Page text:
# Why do we study the scalar field in QFT when there is no such thing in nature?

The Klein-Gordan equation describing a spinless scalar field is one of the first things one studies in a QFT course, but there are no elementary spin-0 fields in nature.

Is the scalar field to QFT like the frictionless plane in high school physics, an aid to get us started?

Or is it deeper than that?

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I recall that the Higgs is a spinless scalar field, so the Klein-Gordon equation describes it. – namehere Dec 2 '12 at 16:06
Even without Higgs there are plenty of particles described by scalar fields. They are not fundamental particles, but nevertheless. – Kostya Dec 3 '12 at 14:30
The Higgs field exists, as far as I know . P.S. @Dan: You stole my suggested edit and put it under your name. : ) ... – centralcharge Jul 27 '13 at 7:16
@Dimension10: I reviewed your edit in the "suggested edit" review queue, and then noticed some things I wanted to change too. The way SE works made it count as one edit. – Dan Jul 27 '13 at 22:07
@Dan: I know, I was joking. – centralcharge Jul 28 '13 at 1:57

First reason for that is that it is the simplest one, there is no need to manipulate indexes when dealing with scalar field, and also it's important to realize the problems that happens with energy when you have to deal with this field in Klein-Gordon equation framework, and how vector field solves it.

Finally as already mentioned, Higgs bosons are described by scalar field, so if we really found it in LHC as we think, then it is actually a real thing.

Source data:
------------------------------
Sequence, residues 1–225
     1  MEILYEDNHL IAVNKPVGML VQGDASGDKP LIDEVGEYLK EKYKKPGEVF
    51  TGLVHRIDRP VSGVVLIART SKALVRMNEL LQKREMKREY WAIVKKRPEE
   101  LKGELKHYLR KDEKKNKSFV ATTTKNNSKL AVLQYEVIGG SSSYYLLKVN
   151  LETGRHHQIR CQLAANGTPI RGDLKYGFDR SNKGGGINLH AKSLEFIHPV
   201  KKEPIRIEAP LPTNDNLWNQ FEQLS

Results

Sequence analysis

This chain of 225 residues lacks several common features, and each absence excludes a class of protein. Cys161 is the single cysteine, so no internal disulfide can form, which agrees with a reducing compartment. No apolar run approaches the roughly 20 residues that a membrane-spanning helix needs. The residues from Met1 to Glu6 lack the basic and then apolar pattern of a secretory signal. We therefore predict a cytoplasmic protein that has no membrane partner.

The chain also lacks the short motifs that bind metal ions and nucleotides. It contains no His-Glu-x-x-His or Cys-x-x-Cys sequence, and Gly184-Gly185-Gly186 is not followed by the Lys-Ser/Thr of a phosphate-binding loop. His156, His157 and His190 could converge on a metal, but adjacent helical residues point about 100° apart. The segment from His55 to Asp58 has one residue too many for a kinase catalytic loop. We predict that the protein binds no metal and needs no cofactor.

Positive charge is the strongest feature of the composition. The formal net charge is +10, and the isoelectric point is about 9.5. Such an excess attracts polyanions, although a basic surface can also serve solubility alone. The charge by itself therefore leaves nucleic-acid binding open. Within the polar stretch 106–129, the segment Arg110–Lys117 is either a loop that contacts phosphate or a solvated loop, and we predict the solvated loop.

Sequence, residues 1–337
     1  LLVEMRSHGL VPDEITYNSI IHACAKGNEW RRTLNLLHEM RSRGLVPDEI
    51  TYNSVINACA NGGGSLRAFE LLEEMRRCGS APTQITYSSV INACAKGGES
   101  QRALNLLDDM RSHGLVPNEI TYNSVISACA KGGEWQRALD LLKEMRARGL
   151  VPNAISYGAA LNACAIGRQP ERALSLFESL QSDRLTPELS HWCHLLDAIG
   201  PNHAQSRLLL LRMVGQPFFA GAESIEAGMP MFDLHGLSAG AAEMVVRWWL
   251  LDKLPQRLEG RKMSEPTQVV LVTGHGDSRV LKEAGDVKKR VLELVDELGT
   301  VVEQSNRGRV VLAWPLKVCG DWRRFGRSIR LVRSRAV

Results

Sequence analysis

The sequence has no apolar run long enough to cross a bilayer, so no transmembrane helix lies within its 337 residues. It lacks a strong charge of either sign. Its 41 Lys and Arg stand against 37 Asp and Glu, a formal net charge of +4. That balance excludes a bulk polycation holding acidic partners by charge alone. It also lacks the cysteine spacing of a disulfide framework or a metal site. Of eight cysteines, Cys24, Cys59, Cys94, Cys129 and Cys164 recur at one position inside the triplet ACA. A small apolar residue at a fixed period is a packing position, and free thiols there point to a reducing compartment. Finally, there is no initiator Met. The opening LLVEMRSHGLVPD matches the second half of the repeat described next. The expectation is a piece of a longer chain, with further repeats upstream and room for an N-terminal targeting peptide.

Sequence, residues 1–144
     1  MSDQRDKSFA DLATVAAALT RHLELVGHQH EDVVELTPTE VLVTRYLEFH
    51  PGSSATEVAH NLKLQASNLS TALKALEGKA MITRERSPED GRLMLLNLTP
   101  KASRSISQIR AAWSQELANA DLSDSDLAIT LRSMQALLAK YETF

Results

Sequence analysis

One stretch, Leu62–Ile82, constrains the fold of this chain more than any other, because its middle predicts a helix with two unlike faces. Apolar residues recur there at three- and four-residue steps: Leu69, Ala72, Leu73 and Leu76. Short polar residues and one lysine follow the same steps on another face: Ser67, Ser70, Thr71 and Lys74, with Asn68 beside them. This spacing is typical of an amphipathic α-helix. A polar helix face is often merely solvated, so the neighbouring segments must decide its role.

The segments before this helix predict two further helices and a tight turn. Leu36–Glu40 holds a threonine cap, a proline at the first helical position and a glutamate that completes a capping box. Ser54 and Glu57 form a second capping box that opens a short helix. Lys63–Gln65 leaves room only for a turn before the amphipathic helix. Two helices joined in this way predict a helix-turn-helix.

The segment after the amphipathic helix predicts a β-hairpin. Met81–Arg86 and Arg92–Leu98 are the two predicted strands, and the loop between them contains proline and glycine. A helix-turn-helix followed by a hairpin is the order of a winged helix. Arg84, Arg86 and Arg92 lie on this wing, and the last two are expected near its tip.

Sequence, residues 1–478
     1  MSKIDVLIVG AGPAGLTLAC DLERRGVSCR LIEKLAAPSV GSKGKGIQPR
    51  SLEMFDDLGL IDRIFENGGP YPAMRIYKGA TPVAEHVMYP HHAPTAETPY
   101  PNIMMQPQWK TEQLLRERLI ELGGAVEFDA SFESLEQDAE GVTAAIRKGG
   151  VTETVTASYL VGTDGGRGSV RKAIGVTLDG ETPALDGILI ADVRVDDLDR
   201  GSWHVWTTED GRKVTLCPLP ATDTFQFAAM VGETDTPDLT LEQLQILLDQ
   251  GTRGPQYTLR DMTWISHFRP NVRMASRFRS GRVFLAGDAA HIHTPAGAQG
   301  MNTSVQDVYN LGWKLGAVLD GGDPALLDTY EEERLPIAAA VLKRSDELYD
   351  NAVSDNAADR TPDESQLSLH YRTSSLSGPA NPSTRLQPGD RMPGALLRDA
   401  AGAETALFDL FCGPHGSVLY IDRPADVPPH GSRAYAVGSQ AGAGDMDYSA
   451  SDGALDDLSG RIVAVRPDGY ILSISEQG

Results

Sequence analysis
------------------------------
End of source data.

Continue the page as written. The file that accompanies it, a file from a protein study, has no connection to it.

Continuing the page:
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nice answer. Are all bosons described by spinless scalar fields? – Mozibur Ullah Dec 2 '12 at 16:52
Yes because spins needs spinors to be described, and the simple structure of scalar field will be not enough, and that is what Dirac did through his famous equation because he didn't liked that Klein-Gordon equation doesn't include spins. – TMS Dec 2 '12 at 16:56
@MoziburUllah: No. Gauge bosons are described by spin 1 vector fields. Similarly, the gravitons in quantum gravity are spin 2 bosons described by a tensor field. – Arnold Neumaier Dec 2 '12 at 17:24
Sorry I miss understood the question in the comments, my answer was for "Are spineless bosons described by scalar fields", anyway Arnold got the point. – TMS Dec 2 '12 at 17:47
@Neumaier: Thanks. So bosons can be described by spinless scalar fields, and spinful vector & tensor fields? I'm assuming that scalar fields fundamentally cannot carry spin, but tensor & vector fields can. Is that correct? – Mozibur Ullah Dec 2 '12 at 17:52

Pions are also scalars. They may not be fundamental particles, but can in many situations accurately be described by scalar point-like particles.

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Fermi fields and gauge fields can emerge from scaler fields on lattice. So maybe the scalar fields are most fundamental and we only need scalar fields. See Are elementary particles actually more elementary than quasiparticles? (quantum spin models or qubit models are described by scalar fields on lattice.)

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Computations of Feynman diagrams factorize in three parts in general:

1. The denominator has the same structure, regardless if you are dealing with scalar, spinor or vector fields.
2. The numerator is different, you need trace identities for gamma matrices and so on, but can be calculated independently.
3. There is a group theory factor, if you are dealing with a non-abelian gauge theory.

Because of 1., you can learn almost all the necessary tools for calculations from the case of a scalar theory. Since 2. and 3. introduce additional complications, they can be treated separately.

Conceptually all the different (free) fields arise as different irreducible representations of the Poincare group, in particular translations are generated by an Operator $P_\mu$, whose square is invariant $P^2 = M^2$. So even the components of spinors, for example, satisfy a version of the scalar Klein-Gordon equation, which is the reason for 1. above.

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